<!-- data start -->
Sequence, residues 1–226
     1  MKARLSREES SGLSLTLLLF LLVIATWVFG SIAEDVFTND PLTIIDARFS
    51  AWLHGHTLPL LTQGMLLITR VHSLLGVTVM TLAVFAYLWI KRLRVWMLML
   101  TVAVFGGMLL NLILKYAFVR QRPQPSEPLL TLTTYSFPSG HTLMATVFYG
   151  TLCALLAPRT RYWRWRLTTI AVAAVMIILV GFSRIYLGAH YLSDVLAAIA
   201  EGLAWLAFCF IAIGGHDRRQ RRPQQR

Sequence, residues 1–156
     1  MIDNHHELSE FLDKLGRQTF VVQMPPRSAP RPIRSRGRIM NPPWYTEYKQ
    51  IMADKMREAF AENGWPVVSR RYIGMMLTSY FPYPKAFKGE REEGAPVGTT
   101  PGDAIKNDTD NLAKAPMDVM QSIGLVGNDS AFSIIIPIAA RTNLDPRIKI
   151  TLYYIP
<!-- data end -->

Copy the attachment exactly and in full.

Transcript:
Sequence, residues 1–226
     1  MKARLSREES SGLSLTLLLF LLVIATWVFG SIAEDVFTND PLTIIDARFS
    51  AWLHGHTLPL LTQGMLLITR VHSLLGVTVM TLAVFAYLWI KRLRVWMLML
   101  TVAVFGGMLL NLILKYAFVR QRPQPSEPLL TLTTYSFPSG HTLMATVFYG
   151  TLCALLAPRT RYWRWRLTTI AVAAVMIILV GFSRIYLGAH YLSDVLAAIA
   201  EGLAWLAFCF IAIGGHDRRQ RRPQQR

Sequence, residues 1–156
     1  MIDNHHELSE FLDKLGRQTF VVQMPPRSAP RPIRSRGRIM NPPWYTEYKQ
    51  IMADKMREAF AENGWPVVSR RYIGMMLTSY FPYPKAFKGE REEGAPVGTT
   101  PGDAIKNDTD NLAKAPMDVM QSIGLVGNDS AFSIIIPIAA RTNLDPRIKI
   151  TLYYIP